Turn 2 Blog: Time management at dirt track events needs improvement

*Turn 2 Blog is a regular feature on InsideDirtRacing.com. Here, site operators Michael Moats and Richard Allen take turns offering their thoughts on the dirt racing topics of the day from east Tennessee and beyond.

The latest edition of the Turn 2 Blog is presented by the American All-Star Pro Late Models Presented by PPM Racing Products

How important is time management in dirt racing?

Richard: Over the past week the subject of time management came up twice in dirt racing. On more than one night during the Wild West Shootout at Vado Speedway Park the Modified classes took up a great deal of time during heat races and B-mains because of spins and crashes. Even the FloRacing broadcast crew were, at times, bemoaning the delay in getting to the Late Model portions of the event.

Let’s be honest, the vast majority of those who tuned in to watch did not do so to watch Modifieds spin out. At the same time, those competitors did pay entry fees and bought pit passes.

That said, there has to be a better solution to setting a starting lineup than preliminary races that drag on. For the support divisions I would suggest taking whatever number from the heat races that would lock in 18 or 20 cars then simply fill in the remainder of the field with the fastest qualifiers not to make it in via the heats.

Another event that drew criticism for time management was the Chili Bowl race for Midget cars. I understand that this is the premier race for this form of motorsports and that there are many entrants. It’s a week long happening culminating on Saturday as drivers work through the alphabet soup on their way to the A-main. But it wasn’t that portion of the morning and afternoon part of the day that drew criticism all over social media.

Once the C-main and B-main races were set to be run there were long breaks for track prep as well as ceremonial speeches, acknowledgements, and driver introductions. It was well past midnight in the eastern time zone before the feature race finally got underway.

Even dedicated race reporters admitted on Twitter that they were unable to stay awake for the main event. Because of the notoriety of the Chili Bowl and the chatter on social media, there were many race fans who don’t follow dirt racing closely who were watching. There was an opportunity to gain new fans.

But instead of gaining new fans, many now have the perception that dirt racing is an activity that drags its shows on unnecessarily long. Dirt racing has to do better if it is to grow beyond where it is now.

Michael: I have to admit that I checked out of the Chili Bowl once it became apparent the delay was going to be lengthy before the A-main. I’m not a huge fan of midget racing, so the commitment to keep me tuned in was not there. I’m not sure if I would have stayed with it had it been a late model race.

I understand the frustrations from fans over the non-late model classes taking so much time. The thing I come back to is those drivers also spend a lot of time to get ready to race and they pay their pit passes and entries fees too. Treating them like second-class competitors is not the way to go. However, I do think there are ways to make the programs flow a little better.

What off-season news from east Tennessee tracks has gotten your attention?

Richard: I have been watching what has been going on at I-75 Raceway. Not long ago, the property was listed for sale and now a number of big events have been scheduled. The World of Outlaws CASE Construction Late Model Series will be coming to the Sweetwater, Tennessee facility in October.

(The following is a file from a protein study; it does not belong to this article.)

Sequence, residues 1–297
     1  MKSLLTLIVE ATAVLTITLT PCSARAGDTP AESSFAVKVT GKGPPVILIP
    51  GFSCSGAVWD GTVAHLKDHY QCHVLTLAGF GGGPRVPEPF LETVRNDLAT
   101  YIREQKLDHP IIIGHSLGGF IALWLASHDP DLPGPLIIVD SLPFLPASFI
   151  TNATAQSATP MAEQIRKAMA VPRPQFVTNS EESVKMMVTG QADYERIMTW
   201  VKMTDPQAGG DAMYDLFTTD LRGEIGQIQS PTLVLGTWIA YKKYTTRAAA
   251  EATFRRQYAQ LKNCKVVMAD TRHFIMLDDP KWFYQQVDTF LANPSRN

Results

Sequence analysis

The Southern All Stars, Spring Nationals, Southern Nationals and the American All-Star Series are among those scheduled. And this is one of the few tracks that still has a significant number of support classes as other tracks are reducing those races.

This is a track that seems to be in transition.

Michael: For me, it’s the changes made to Smoky Mountain Speedway. I remember seeing races there when it was a half-mile asphalt track. I’ve seen races there under every configuration. Shortening the track from just over 4/10-mile to a true 3/8-mile layout is something many fans and competitors have been asking for. But there are a lot of traditionalists that do not like this move. Making this change is somewhat of a gamble for owner Roger Sellers.

It will be an adjustment for a lot of people. The most recent layout has been around since the late 80’s. It’s the biggest change I’ve seen to a racetrack, in this area, that I can remember.

Volunteer Speedway will be the site of a $100,000 event

What upcoming events in the east Tennessee region are you looking forward to?

Richard: It has to be the XR Super Series weekend at the Volunteer Speedway, right?

I never thought there would be a $50,000-to-win race in east Tennessee then Smoky Mountain Speedway delivered exactly that last year with their Lucas Oil Late Model Dirt Series show (which they will again in 2023). And now, there is going to be a $100,000 payday for the winner of the feature at Bulls Gap in March.

With this not being sanctioned by either of the two traditional tours, I am really anxious to see what the car count will be and how many fans will show up.

Michael: I guess since I am also interested in the promotional side of the sport as well as the competitive side, the XR race at Volunteer is doubly interesting to me. Like you, I’m interested to see which drivers the race will draw. With a purse that large, I would suspect most of the biggest names in the sport will be there.

The other part of me is anxious to see how the purse can be paid without someone going into a big whole. Between sponsorships and pay-per-view packages sold, there is more money to be made aside from the gate money.

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